Yes, I know this looks like a crime scene, but don't worry! What you are witnessing is the first step in the process of mass producing potholders that will appear in the gift shop of our upcoming Family Clothesline Art Show, Sale, and Auction! Last month's "Works in Progress" post has all the details on this first annual event that will allow the grandchildren to sell their hand made artwork at highly inflated prices to an adoring audience of parents, aunts, uncles and of course, grandparents!
My grandkids know exactly what to do when they see me approach with a brush and a tube of paint. They have had their little hands printed so often for grandma's projects that even Bree immediately presents her palm to me! After paint is applied, she firmly plants her dainty hand on whatever I've put in front of her. I think someday these kids might tell their own grandchildren, "If my memory serves me correctly, I think your great great grandma was a prison warden. She was forever fingerprinting us!"
I'm not an "official business woman" either, but it seems like common sense to target an audience when you want to move merchandise! Happy Helping Hands Potholders don't mess around. They get to the point really fast. For example, "Nick + Mommy = heart button." And "Bree + Nana = heart button." Think those little heart-tugging tactics will appeal to Mommy and Nana when they come to shop? I think they might turn out to be the same kind of challenge that the old familiar saying describes...."it was like shooting fish in a barrel!"
Here are the materials needed to make one hand-stamped potholder:
8" square bleached muslin or white cotton fabric
8" square cotton print fabric for back of potholder, coordinated with handprint color
Bias tape (home made or purchased) or purchased ruffled trim, 28" length (3 yards trims 4)
Fabric paint and brushes, wider brush for hands, detail brush for lettering
Heart shaped button
Potholder, 7" square, light color, all tags and loops removed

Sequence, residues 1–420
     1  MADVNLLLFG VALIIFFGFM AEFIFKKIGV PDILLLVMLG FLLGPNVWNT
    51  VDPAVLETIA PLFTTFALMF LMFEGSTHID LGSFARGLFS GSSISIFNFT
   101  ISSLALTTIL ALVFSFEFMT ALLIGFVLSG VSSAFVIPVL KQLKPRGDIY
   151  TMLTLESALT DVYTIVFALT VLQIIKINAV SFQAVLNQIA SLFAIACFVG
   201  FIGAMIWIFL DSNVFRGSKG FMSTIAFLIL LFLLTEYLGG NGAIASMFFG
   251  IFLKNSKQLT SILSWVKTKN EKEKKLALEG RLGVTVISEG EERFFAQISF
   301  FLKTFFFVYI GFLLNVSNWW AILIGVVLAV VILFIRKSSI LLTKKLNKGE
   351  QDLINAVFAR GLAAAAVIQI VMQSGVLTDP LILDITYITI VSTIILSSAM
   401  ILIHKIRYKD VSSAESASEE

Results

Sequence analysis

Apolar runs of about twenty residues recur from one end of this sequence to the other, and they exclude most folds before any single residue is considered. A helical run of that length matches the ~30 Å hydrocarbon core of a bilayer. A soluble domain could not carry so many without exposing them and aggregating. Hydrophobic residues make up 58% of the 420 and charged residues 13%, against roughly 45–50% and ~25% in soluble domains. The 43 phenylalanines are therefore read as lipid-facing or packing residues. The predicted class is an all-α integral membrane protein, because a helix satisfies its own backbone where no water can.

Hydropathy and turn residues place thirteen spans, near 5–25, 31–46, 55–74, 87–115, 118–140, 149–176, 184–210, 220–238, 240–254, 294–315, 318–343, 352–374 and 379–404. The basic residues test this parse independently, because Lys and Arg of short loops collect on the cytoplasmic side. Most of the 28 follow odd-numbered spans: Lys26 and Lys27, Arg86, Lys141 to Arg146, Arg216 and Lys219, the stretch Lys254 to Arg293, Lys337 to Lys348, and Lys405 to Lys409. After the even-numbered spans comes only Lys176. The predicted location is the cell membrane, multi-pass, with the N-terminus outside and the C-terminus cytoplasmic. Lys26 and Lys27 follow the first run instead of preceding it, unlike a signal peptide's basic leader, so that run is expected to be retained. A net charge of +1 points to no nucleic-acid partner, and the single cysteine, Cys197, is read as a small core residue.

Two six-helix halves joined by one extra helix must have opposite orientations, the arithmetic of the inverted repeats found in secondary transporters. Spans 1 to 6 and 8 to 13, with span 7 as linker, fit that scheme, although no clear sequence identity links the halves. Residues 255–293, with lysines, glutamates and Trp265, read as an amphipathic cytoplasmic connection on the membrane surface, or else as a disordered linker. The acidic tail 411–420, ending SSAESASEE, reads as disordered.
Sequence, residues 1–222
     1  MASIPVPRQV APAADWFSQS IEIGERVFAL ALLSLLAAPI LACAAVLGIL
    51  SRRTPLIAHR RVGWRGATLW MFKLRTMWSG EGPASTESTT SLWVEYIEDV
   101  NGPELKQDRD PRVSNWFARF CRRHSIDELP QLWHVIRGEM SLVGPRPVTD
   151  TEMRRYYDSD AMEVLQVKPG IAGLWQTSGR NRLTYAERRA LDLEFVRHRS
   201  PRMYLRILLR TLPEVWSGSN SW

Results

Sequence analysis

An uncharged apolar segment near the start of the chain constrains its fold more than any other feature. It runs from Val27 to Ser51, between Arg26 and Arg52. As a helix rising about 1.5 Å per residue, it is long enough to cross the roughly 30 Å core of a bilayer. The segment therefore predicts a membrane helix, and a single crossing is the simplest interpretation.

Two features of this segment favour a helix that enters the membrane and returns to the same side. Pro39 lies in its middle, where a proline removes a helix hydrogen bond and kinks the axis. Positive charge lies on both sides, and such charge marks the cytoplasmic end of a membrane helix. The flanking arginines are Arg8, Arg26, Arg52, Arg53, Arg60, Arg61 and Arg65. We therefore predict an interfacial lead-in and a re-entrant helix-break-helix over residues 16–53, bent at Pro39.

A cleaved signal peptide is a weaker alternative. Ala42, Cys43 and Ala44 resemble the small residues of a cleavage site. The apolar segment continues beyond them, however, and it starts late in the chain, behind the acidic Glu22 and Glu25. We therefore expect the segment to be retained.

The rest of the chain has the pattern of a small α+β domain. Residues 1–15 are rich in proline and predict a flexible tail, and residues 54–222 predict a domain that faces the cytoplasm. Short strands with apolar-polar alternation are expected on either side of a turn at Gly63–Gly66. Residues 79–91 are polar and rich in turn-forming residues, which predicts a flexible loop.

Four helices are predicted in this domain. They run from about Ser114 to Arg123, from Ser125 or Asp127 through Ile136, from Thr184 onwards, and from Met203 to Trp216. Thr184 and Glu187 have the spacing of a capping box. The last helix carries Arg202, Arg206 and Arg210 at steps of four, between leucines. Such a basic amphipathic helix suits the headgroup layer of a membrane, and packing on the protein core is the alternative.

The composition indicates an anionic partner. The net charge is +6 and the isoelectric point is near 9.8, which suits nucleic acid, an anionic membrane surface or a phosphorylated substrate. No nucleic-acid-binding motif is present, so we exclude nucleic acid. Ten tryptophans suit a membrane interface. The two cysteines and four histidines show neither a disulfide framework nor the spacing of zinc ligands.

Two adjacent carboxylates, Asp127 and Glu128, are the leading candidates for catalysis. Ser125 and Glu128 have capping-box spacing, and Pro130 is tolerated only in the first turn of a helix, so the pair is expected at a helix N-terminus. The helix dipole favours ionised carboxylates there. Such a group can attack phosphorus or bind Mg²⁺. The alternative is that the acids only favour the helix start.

Miscellaneous sewing notions and sewing machine
Begin by printing the child's hand at center of muslin square with fabric paint. Print name or message on Word in a simple font and place beneath fabric, trace with pencil and then again using detail brush and paint.
Center printed white fabric on potholder, pin, and machine sew all around along inside bias edge to attach fabric. Trim fabric close to stitching. Repeat with backing fabric on reverse side of potholder.
When both sides are sewed on and excess fabric is trimmed away, (as shown on right, above), sew trim all around outside edge. Completed potholder, reverse, shown above, left.
Sew on button, add ribbon accents, or hand quilt a line about 1/2" inside trimmed edge.
THESE ARE SO CUTE!ReplyDelete
yea I'd buy one ( or maybe 5! :)
I might try to make these one day !
Those should certainly sell out! And they would make a great gift for almost any occasion!ReplyDelete
Wonderful idea. I'm sending the link to my wife, because she adores that kind of thing.ReplyDelete
You are amazing! What a great idea to use dollar store pot holders! Yay! Love this idea, thanks for linking at Grandparent's Say It Saturday and be sure to link it at Wow Us Wednesday too alright?ReplyDelete
Very cute idea! And it's useful, not just another cute but cluttery piece of children's art.ReplyDelete
Stopping by from GRAND Social linky.
What a super cute idea! I love it!ReplyDelete
Great idea! Love it. And I love the idea that your grandkids will consider Grandma a prison warden. So cute. I need to get fingerprinting (and palm printing) my grandsons more often and this is a great project for starter.ReplyDelete
Thank you for linking up to GRAND Social!
Too cute! And useful, too. Gifts that will be used are best in my book.ReplyDelete
Cute idea - would make a good winter sewing project with a holiday gift in mind. Thanks.ReplyDelete
I love the ruffles on your pot holder...what a fun, feminine way to add some personality and sentiment to a kitchen :)ReplyDelete
Stopping by from Mom's Library.
Wish I could sew! Those are adorable!!ReplyDelete
You are so clever! These are wonderful. I like that you use ones from the dollar store to begin with. Thank you for the tutorial.ReplyDelete
These are just adorable. I love that the kids know what to do when you paint their hands. They'll always remember their "grandma projects." I still remember all the craft projects I did with my grandmother--almost 50 years ago!ReplyDelete
That is amazing! So cute. Pinning and shared on G+! Thanks for sharing at Mom's Library.ReplyDelete
Haha, looks like somebody has had fun if nothing else!ReplyDelete